No Olympics is complete without a lovable, cuddly mascot that easily translates into stuffed toys, video game characters and other such merchandise. The mascots also traditionally represent aspects of the host nations culture too.
The Beijing Olympics has decided to go with not one, but five Olympic mascots collectively called the Fuwa or good-luck dolls. The mascots have been designed and named as metaphors for Chinese culture, local wildlife and the Olympic movement itself.
Each Fuwa is coloured after an Olympic ring, represents an element in nature and is modelled after unique Chinese fauna.
The mascots have now been portrayed in a hit animation television series released nationally in China since August 2007.
As we approach the Olympics the mascots can be expected to play a significant role in Olympics communication and in the television broadcast package. Not to mention central roles in the inauguration ceremonies.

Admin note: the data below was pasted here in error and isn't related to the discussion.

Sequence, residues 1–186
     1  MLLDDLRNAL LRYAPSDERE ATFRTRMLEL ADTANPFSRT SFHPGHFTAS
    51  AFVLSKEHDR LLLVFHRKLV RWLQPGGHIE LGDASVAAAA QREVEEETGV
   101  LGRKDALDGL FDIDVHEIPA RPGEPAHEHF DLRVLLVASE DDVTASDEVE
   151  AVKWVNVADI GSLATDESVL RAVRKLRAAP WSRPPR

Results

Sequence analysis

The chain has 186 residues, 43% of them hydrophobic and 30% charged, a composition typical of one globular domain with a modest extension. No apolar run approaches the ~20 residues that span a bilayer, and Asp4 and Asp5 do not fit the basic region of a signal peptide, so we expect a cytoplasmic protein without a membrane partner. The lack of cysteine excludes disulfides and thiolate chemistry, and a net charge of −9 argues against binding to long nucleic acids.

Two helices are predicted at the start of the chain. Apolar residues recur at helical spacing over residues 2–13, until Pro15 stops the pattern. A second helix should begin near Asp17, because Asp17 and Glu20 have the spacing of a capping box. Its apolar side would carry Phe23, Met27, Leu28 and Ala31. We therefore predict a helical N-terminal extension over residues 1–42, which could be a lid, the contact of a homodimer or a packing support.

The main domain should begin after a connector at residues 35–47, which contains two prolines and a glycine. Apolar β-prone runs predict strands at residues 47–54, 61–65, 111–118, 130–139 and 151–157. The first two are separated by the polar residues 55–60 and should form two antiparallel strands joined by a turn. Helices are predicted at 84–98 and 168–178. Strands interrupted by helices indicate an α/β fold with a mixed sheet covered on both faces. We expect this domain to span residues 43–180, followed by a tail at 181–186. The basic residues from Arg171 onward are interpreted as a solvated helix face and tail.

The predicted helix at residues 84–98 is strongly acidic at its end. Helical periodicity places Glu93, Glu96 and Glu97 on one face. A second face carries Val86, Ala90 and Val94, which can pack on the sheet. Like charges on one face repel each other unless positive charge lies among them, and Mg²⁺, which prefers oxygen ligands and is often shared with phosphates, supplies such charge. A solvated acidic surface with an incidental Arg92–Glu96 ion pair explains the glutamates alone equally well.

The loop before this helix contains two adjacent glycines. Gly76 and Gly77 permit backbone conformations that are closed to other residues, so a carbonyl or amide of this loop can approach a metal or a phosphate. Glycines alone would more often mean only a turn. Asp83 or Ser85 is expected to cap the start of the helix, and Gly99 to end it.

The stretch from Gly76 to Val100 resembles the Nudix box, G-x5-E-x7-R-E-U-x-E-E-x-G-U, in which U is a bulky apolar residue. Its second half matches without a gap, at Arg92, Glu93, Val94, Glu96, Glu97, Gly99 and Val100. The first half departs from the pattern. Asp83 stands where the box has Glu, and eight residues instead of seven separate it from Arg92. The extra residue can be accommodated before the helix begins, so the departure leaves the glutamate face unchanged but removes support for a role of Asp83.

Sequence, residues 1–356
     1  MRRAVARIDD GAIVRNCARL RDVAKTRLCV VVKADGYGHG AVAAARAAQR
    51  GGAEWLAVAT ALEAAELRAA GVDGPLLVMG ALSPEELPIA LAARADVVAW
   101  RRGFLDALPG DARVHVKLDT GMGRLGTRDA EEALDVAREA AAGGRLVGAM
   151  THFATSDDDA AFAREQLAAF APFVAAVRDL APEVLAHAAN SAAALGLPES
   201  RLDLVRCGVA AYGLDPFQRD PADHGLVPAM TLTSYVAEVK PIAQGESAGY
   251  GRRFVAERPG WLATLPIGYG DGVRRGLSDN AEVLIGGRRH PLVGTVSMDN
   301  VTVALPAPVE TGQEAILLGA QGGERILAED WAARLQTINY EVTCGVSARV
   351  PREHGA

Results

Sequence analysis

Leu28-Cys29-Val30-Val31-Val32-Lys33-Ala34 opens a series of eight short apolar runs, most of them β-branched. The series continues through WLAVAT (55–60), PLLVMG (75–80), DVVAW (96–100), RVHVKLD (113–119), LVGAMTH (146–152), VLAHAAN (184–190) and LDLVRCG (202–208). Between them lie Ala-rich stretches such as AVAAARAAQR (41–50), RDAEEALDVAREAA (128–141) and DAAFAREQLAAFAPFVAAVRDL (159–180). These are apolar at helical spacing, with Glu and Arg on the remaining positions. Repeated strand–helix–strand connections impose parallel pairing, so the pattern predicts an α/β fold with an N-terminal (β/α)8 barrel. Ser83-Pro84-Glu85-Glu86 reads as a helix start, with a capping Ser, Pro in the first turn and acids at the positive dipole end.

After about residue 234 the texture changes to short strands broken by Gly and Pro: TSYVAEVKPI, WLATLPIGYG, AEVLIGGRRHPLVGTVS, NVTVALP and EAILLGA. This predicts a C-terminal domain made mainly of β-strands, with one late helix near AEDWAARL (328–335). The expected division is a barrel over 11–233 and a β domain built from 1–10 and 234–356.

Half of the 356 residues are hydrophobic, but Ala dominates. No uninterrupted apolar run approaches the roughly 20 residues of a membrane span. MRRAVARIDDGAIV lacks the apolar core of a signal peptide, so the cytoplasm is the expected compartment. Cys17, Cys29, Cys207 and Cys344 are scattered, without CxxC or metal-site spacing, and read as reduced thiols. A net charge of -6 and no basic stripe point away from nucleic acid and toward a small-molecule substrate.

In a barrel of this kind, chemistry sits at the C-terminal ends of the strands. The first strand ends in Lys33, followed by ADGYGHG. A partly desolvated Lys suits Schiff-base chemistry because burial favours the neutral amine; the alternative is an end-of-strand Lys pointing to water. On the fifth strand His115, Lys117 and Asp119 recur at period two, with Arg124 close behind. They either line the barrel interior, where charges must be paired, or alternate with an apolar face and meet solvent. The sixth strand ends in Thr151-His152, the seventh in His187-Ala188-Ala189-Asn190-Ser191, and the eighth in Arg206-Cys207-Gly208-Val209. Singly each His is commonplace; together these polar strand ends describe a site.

The slideshow is your guide to the five Fuwa and their fun interpretation!
Five Fuwa: Beibei, Jingjing, Huanhuan, Yingying, Nini. The mascots were designed by Chinese artist Han Meilin.
Beibei is a blue Chinese sturgeon symbolizing water and prosperity. The mascot will represent all water sports.
Jingjing is a black Giant Panda symbolizing happiness and the natural element wood. The mascot will represent all competitions involving strength like Judo and wrestling.
Huanhuan is a red Olympic Flame symbolizing passion and fire. The mascot will represent all ball sports.
Yingying is a yellow rare Tibetan antelope symbolizing health and earth the element. The mascot will represent all track and field sports.
Nini is a green swallow symbolizing good fortune and the sky. The mascot will represent all gymnastic sports.
When you combine all the first syllables of the names of the mascots you get: Beijing Huanying Ni, which is identical to the Chinese phrase for Beijing Welcomes You!
(Images Copyright: The Beijing Organizing Committee for the Games of the XXIX Olympiad)